The nation’s opioid crisis is killing young white American men more than any other demographic group, new research from the federal government reveals.
The latest report from the Center for Disease Control (CDC) finds that young white men in the United States are dying at the fastest rate from fentanyl, the deadly opioid where one pound can kill more than 220,000 people.
Between 2011 and 2016, fentanyl overdose deaths increased by more than 1,000 percent. In 2011, for example, there were about 1,660 Americans who died of fentanyl overdoses. Fast-forward to 2016,when there were 18,335 Americans who died from fentanyl.
The opioid crisis, though, is not impacting all states and demographic groups in the country equally, the CDC report finds.
White Americans have a significantly higher rate of dying from fentanyl than any other racial group in the U.S. For instance, non-Hispanic whites’ rate of fentanyl overdose deaths increased n early 110 percent between 2013 and 2016.
In 2016, close to eight out of every 100,000 non-Hispanic whites died of fentanyl overdoses — more than three times the rate of Hispanic Americans dying from fentanyl. Black Americans followed whites, with a rate of about 5.6 deaths for every 100,000, followed by 2.5 Hispanic Americans who died from fentanyl for every 100,000.
American men are dying from fentanyl at nearly three times the rate of American women. In 2016, there were almost nine men who died of fentanyl for every 100,000. Compare that to the roughly three women who died of fentanyl for every 100,000 women.
For young people, the opioid crisis is even worse. The CDC finds that between 2011 and 2016, the number of fentanyl overdose deaths for Americans aged 25-years-old to 34-years-old increased 100 percent every year. For Americans aged 15 to 24-years-old, the number of fentanyl overdose deaths increased almost 94 percent every year between 2011 and 2016.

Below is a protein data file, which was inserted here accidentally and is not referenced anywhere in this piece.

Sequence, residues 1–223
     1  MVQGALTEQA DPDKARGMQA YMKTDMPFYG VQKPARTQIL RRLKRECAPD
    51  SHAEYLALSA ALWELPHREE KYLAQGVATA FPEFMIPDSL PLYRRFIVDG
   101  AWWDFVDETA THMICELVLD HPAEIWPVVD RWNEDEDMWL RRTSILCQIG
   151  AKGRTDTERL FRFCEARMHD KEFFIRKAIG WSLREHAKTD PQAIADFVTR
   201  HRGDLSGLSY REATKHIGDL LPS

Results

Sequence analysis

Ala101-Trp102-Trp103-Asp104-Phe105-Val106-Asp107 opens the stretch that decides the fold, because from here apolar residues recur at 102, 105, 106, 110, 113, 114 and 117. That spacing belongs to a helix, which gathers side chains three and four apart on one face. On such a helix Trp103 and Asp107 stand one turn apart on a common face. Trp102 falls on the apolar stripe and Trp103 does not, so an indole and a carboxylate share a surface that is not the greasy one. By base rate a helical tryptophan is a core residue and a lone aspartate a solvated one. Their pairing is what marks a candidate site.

Out of every 100,000 young Americans in 2016, there were 13.4 who died of fentanyl overdoses. For every 100,000 Americans aged 34 to 44-years-old, there 11.4 who died of fentanyl overdoses.
The rise in fentanyl overdoses is concentrated largely in three regions of the country, which includes:
- New Hampshire
- Rhode Island
- New Jersey
- New York
- Washington, D.C.
- West Virginia
In the most northeast states of the country, the number of Americans dying from fentanyl overdoses increased almost 114 percent every year between 2011 and 2016.
In the New Jersey and New York area, fentanyl deaths increased 111 percent every year over the last six years, and in the Delaware-D.C.-Maryland-Pennsylvania-Virginia-West Virginia region, fentanyl deaths increased about 104 percent every year. The American Midwest saw a 102 percent increase every year between 2011 and 2016 of fentanyl overdose deaths.
Last year, the Immigration and Customs Enforcement (ICE) agency seized enough fentanyl to kill nearly twice the U.S. population, Breitbart News reported, and for the first time, Americans are now more likely to die from an accidental opioid overdose than from injuries in a car crash.
Drug overdoses in 2017 killed an unprecedented 72,287 U.S. residents, nearly three times the number of individuals killed by global terrorism and 10,000 more than the number of Americans killed in the Vietnam War. Nearly 50,000 of those deadly overdoses were caused by either heroin or fentanyl.
John Binder is a reporter for Breitbart News. Follow him on Twitter at @JxhnBinder.